Nestled in the foothills of the Appalachian mountains of Southeastern Tennessee, the city of Chattanooga may not be high on the list of continental destinations, but if you love the outdoors, good food, and good beer, it should be.
When choosing a time to visit Chattanooga, any season will work, but the season that works best? Fall. Why?
The biggest reason is that Chattanooga is an outdoorsy city. Many refer to it as the “Boulder of the East,” and they are exactly right — though if you ask native Chattanoogans, Boulder is just the “Chattanooga of the West.” The temperatures in the fall are just about perfect (a high of 83 in September and 73 in October), allowing you to do everything from rock climbing — which the city is known for — to viewing the fall foliage.
We’re pretty big fans of the city and we want you to be, too, so we put together a complete guide on everything you could want when planning either a long weekend or an entire week in Tennessee’s fourth-largest city.
We’ve included both outdoor and indoor activities (in case the weather is terrible while you’re there), alcohol-producing facilities, and bars and restaurants providing locally-sourced small plates, world-famous fried chicken, and locally made beers.
Located within Lookout Mountain (yes, inside), Ruby Falls is the tallest and deepest underground waterfall in the country at 145 feet. Amazing underground waterfall aside, the Ruby Falls cave features other impressive sites such as stalactites and stalagmites, making it a hell of a place to see with your own eyes. Lantern tours are provided, allowing you to feel somewhat like the miners that first came across the falls back in 1928. Is this the most tourist-y thing on the list? Yes, yes it is. Is it sometimes fun to go full tourist? Yes, yes it is.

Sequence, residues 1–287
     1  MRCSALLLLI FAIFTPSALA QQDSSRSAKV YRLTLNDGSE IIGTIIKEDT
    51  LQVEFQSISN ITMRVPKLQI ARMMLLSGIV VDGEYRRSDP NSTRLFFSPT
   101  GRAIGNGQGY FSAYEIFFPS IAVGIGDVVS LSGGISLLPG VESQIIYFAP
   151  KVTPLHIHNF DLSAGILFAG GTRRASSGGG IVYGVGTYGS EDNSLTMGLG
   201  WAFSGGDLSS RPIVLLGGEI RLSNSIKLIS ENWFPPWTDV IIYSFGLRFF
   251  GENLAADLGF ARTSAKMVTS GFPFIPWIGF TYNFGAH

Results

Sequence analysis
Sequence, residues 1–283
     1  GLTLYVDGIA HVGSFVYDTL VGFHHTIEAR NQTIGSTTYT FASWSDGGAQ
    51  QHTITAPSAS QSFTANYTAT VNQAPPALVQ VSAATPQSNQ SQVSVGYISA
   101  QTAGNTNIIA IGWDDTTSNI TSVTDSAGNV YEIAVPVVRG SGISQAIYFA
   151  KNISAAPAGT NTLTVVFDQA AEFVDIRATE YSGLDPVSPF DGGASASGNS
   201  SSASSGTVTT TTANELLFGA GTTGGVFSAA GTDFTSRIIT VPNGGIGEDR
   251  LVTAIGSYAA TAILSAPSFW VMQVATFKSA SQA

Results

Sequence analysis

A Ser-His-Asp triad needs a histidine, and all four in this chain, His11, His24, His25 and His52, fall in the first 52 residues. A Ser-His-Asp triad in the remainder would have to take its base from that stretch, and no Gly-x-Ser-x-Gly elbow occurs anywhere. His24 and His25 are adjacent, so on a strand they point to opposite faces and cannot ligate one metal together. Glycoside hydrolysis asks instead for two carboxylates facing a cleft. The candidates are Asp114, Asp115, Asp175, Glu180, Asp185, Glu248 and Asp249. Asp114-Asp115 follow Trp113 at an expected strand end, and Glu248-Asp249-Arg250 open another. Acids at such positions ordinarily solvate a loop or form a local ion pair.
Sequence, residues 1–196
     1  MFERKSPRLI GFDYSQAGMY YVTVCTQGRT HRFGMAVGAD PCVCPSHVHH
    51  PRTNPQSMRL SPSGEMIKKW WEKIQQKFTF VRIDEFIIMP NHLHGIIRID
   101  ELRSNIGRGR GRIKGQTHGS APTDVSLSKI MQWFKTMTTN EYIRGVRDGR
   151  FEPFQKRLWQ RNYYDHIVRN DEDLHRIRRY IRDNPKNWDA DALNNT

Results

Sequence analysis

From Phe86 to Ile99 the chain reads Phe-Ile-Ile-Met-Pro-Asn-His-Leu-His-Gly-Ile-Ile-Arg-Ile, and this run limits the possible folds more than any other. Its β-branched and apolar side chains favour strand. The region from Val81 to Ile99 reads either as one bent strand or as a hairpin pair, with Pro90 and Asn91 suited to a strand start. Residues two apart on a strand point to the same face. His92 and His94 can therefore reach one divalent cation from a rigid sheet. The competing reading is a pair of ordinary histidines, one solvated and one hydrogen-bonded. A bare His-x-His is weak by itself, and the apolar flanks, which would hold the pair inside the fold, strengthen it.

Located on the city’s North Shore, Stringer’s Ridge is a 92-acre urban wilderness park that was created in an effort to preserve one of the last large natural areas within the city limits. There are plenty of easy to moderate trails, some of which lead up to the ridge (which overlooks the Tennessee River). Civil War buffs will also find cannons in the park.
Running from August through the end of October, this music series brings live acts on a weekly to the lawn of the Bessie Smith Cultural Center. In its second year, the free series brings acts from around the country, acting as the perfect way to end an evening before getting a nightcap and after getting dinner at one of the places below. This year’s lineup includes Big Freedia, Deaconbluz and the Holy Smoke Band, John Boy and the Surround Sound, and Seaux Chill.
Located on the rim of the Cumberland Plateau, the Tennessee Wall (or T-Wall, to those in the know), is one of the best places for rock climbing in the entire Southeast. There are over 600 routes climbers can choose from, which range in difficulty from 5.5 to 5.13. While you can climb these walls during the summer, the southwest-facing rocks tend to get too hot, making fall the perfect time.
Producing the first legal whiskey in Chattanooga in over a century, this distillery has worked to help change laws that allowed for other distilleries in Tennessee to open. A visit to the downtown experimental distillery (they have a larger production facility that is not open to the public) ensures that you will get not only a taste of good whiskey (from their flagship 1816 Reserve and Cask to multiple special releases) but a history lesson on whiskey-making in Chattanooga. Once your tasting is over, it is imperative to stick around for a craft cocktail.
Named after the fathers of modern geology, Hutton & Smith pays homage not only to the men but the ample love of rocks (and rock climbing) in Chattanooga. Using rock- and rock climbing-related names, the brewery makes everything from a blonde to a whiskey barrel-aged brew dubbed Wee Heavy. Our favorite name of the bunch? An American pale ale named The Good Schist.
OddStory Brewing Company